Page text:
PROJECT: Open Telemetry Working Group
Academic investigators: Raja Sambasivan (Tufts University)
Red Hat investigators: Marcel Hild
Open source partners: OpenInfra Labs, Open Cloud Testbed, and Mass Open Cloud
Red Hat and academic participants have been collaborating for some time to build, operate, and share infrastructure that demonstrates open source cloud operations at scale, most recently including the Operate First initiative at OpenInfra Labs (OIL). A significant step forward in this effort was the recent formation of the Open Telemetry Working group, with participants from several different universities, OIL, and Red Hat. The group seeks to build upon a realistic production-grade environment, operated by IT operations and used by end users and researchers alike. By exploring ways to provide access to telemetry data for research and open operations engineering in this environment, the group hopes to enable new research and development projects, in much the same way that the open source movement enabled new options for software development. Examples of research projects that would benefit from this type of environment include creating new debugging tools and visualizations, using telemetry data to optimize workload performance, and improving telemetry data itself. Monthly meetings are open to all interested participants. The group charter and working notes are shared publicly (see bit.ly/telenote ) along with a Github repository (see github.com/open-infrastructure-labs/telemetrywg).
PROJECT: Deploying End-to-End, Fully Virtualized, and Open Source 5G Platforms on OpenShift
Academic investigators: Tommaso Melodia, Abhimanyu Gosain, and Michele Polese (Northeastern University)
Red Hat investigators: Feng Pan
Traditional cellular networks are mostly based on closed source, inflexible architectures, in which functionalities are baked directly on hardware components (e.g., the base stations). This black-box approach leads to vendor lock-in and is unable to adapt to the rapidly varying network, traffic, and topology dynamics that characterize 5G networks. This results in suboptimal network performance. In the last few years, a number of consortia, primarily led by telcos, have been promoting solutions to overcome this imposed lock-in by pushing equipment manufacturers to produce open hardware that can be (i) dynamically programmed via software and (ii) seamlessly integrated—through open interfaces—with a network architecture consisting of components provided by multiple vendors. The resulting network softwarization allows telcos to directly program algorithms and policies to optimize the network behavior in real time, based on the current conditions and requirements (e.g., traffic demand, Quality of Service [QoS], and latency), while opening the network to third-party vendors.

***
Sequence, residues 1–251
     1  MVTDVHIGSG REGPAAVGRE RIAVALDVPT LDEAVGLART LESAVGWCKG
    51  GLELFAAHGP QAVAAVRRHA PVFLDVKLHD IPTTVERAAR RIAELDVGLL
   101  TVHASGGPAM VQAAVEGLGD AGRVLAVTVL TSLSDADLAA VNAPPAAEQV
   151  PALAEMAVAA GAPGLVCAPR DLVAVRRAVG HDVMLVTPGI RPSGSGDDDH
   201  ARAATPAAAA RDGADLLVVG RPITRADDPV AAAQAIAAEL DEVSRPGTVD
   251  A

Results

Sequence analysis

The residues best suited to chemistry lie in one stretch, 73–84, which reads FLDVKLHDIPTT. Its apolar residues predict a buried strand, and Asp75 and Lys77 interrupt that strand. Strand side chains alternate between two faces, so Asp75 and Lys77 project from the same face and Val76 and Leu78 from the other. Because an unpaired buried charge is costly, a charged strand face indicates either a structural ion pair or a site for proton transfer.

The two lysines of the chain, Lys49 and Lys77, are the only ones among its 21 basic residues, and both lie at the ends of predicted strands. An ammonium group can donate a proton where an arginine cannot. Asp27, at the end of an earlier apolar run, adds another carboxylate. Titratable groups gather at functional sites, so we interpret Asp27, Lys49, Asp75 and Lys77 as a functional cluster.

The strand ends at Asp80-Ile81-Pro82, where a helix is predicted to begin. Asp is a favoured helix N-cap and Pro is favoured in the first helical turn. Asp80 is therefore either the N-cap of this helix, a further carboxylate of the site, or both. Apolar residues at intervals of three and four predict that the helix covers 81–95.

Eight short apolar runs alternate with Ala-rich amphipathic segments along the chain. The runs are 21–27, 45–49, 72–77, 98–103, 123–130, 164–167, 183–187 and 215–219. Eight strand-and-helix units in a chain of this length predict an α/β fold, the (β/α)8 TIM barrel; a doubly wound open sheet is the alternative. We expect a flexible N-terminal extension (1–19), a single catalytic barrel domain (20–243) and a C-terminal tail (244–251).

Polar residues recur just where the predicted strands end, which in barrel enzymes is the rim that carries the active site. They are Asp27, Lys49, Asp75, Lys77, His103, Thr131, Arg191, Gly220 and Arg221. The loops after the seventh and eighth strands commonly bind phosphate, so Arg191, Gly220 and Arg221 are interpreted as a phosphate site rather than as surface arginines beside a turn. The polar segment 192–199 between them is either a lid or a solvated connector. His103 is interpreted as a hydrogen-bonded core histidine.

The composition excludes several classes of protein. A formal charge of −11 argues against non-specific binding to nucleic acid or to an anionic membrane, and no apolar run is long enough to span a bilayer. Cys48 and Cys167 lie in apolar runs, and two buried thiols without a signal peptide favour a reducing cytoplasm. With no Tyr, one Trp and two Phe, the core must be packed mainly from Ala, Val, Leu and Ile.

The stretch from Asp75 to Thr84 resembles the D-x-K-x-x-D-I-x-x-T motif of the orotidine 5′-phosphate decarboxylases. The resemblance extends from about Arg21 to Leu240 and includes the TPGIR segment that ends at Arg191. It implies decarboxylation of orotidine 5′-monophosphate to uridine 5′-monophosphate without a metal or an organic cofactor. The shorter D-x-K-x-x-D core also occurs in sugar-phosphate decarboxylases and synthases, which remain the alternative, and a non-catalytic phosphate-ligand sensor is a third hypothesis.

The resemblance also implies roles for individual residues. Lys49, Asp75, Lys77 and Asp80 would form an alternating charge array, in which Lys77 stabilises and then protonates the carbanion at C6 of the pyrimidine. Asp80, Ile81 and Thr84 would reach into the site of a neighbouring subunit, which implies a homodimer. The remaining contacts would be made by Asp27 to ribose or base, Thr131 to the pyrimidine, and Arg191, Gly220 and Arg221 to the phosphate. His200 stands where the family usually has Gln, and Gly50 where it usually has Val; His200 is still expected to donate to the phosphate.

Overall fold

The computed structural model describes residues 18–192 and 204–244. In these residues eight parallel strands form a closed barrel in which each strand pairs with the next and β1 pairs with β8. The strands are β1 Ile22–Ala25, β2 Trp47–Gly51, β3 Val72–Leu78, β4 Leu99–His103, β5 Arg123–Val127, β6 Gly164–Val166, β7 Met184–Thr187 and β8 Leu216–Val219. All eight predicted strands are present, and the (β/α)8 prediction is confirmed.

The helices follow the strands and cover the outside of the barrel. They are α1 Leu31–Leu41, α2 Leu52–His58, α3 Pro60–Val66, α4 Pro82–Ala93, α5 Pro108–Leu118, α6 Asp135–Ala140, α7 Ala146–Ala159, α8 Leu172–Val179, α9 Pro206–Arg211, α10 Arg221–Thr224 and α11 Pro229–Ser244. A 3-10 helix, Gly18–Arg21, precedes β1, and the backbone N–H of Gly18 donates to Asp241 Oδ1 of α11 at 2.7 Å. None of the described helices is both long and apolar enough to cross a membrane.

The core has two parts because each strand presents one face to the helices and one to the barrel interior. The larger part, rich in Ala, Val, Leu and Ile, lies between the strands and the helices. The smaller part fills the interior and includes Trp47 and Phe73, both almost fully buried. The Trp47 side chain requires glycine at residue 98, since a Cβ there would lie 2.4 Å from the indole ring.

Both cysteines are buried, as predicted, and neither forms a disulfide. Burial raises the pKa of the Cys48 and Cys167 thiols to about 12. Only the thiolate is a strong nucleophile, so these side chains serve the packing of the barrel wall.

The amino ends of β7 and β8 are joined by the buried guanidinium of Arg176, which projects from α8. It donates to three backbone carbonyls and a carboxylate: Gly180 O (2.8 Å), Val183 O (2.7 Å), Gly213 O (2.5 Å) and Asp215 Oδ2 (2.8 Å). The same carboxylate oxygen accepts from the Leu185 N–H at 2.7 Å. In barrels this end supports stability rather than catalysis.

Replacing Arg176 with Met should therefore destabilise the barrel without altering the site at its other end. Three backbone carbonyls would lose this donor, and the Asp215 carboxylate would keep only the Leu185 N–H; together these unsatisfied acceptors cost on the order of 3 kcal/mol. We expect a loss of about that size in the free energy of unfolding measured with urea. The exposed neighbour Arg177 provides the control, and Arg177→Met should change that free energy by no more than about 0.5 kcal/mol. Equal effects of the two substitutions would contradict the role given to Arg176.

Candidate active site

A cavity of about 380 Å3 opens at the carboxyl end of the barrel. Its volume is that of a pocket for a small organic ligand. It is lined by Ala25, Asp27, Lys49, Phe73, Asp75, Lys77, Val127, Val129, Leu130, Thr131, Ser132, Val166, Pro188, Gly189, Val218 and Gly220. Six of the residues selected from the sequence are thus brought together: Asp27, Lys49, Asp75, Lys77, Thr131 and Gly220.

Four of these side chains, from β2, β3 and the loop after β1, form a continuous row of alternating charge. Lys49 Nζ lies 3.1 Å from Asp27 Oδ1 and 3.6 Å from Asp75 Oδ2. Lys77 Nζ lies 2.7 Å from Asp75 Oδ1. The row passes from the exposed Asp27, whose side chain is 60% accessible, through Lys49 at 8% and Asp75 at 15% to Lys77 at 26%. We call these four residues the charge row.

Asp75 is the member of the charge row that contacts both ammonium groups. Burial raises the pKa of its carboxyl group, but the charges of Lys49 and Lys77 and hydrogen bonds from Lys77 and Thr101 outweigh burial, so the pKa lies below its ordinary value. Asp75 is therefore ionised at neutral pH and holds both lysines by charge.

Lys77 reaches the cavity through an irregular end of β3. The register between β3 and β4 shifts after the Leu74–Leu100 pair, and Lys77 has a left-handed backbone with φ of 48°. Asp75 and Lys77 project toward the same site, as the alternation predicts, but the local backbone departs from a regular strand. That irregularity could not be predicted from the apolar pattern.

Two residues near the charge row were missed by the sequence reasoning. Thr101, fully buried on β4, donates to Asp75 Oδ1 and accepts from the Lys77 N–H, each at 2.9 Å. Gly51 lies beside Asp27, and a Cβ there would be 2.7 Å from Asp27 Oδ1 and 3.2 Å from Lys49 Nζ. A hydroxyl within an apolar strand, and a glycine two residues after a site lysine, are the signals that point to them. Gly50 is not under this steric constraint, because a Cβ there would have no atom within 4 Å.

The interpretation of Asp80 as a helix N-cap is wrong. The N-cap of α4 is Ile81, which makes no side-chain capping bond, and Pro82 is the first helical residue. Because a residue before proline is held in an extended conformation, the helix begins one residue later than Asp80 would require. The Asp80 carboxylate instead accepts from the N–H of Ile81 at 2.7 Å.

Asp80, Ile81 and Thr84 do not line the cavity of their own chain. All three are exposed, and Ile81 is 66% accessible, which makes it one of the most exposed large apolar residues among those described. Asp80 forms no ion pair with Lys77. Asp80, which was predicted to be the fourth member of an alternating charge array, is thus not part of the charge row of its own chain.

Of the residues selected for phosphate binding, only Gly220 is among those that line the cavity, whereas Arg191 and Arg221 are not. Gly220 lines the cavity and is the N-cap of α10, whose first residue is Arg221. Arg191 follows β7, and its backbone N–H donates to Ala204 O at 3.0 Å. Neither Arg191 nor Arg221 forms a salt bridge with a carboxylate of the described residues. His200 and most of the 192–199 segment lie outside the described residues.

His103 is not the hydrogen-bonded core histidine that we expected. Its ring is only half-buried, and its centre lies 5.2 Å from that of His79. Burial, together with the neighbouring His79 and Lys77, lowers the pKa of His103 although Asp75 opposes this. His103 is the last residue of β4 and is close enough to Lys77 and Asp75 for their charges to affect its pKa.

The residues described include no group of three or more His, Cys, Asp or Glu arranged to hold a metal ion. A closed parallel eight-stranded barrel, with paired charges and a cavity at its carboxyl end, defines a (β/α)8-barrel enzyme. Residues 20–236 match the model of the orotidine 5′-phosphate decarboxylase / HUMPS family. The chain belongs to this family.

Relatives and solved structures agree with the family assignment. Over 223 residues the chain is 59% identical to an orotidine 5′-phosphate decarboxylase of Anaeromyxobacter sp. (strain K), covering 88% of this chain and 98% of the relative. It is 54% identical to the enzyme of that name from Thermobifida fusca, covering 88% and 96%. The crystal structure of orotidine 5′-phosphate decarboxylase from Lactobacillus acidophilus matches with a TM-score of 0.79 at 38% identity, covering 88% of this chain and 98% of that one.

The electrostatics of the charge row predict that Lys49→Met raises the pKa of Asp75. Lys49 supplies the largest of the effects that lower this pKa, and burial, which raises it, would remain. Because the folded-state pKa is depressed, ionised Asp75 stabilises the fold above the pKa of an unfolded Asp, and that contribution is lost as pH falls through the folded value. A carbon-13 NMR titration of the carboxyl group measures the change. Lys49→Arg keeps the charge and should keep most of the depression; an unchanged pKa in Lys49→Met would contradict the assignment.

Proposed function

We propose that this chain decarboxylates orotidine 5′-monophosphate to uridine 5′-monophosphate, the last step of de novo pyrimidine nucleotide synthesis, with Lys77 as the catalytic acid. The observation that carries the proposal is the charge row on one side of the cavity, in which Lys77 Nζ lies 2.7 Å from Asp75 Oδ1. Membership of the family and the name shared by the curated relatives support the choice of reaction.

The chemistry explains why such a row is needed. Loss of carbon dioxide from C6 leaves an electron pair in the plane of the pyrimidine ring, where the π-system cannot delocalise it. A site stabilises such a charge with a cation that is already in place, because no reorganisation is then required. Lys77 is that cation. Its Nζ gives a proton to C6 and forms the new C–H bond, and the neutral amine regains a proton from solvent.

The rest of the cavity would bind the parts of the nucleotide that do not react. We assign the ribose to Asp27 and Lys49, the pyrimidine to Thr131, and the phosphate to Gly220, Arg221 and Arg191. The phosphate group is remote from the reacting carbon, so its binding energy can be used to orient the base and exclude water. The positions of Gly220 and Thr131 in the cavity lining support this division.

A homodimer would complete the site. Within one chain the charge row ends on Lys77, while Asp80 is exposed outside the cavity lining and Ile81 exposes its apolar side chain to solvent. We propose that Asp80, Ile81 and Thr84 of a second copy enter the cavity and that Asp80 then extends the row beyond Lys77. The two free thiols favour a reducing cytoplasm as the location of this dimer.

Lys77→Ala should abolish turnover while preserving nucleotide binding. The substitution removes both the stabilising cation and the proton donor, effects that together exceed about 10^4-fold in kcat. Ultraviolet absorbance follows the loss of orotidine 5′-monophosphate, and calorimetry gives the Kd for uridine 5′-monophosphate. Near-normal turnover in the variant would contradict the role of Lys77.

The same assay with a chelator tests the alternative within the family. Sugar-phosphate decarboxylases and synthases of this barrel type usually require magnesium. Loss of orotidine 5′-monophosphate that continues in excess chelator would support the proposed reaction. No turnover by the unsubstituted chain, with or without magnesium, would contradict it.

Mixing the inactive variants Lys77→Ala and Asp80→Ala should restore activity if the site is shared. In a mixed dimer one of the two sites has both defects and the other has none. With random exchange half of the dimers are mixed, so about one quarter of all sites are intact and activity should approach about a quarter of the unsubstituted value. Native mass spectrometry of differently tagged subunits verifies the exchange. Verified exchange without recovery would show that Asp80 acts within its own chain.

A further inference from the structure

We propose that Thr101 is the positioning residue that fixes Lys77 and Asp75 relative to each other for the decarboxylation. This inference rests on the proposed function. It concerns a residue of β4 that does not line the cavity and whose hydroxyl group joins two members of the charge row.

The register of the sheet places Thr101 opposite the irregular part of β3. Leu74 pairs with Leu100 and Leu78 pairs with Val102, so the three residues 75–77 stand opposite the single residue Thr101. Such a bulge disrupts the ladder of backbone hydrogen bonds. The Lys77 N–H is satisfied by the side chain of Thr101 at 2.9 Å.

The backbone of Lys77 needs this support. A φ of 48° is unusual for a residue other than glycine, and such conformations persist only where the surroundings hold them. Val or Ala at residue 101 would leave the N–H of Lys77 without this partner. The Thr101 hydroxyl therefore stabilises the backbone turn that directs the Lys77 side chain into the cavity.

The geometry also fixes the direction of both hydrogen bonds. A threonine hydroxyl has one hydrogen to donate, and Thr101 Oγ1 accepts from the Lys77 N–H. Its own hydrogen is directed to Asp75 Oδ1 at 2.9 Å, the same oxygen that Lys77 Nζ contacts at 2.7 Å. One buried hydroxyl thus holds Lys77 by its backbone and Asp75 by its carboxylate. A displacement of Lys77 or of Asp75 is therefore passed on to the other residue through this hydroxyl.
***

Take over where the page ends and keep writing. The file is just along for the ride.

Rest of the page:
The goals of this new project are to develop an experimental open source platform that merges open and reprogrammable software and hardware components that can be used to test and deploy fully virtualized 5G networks. The platform builds on Red Hat OpenShift and large-scale national wireless experimental facilities:
- Arena—a 64-antenna SDR-based ceiling grid testbed for sub-6 GHz radio spectrum research
- PAWR—Platforms for Advanced Wireless Research, a National Science Foundation-funded program
- Colosseum—A massive radio-frequency (RF) and computational facility developed by the Johns Hopkins Applied Physics Lab to support the Defense Advanced Research Projects Agency’s (DARPA) Spectrum Challenge
Ideally, the project will also connect to resources in the Open Cloud Testbed that can provide resources for building core network and datacenter testbeds. The project will develop automated pipelines using OpenShift to build, deploy, and manage these complex systems that combine radio, compute, storage, and networking resources into dynamic experimental testbeds that can cope with the tight real-time requirements of experiments with cellular networks.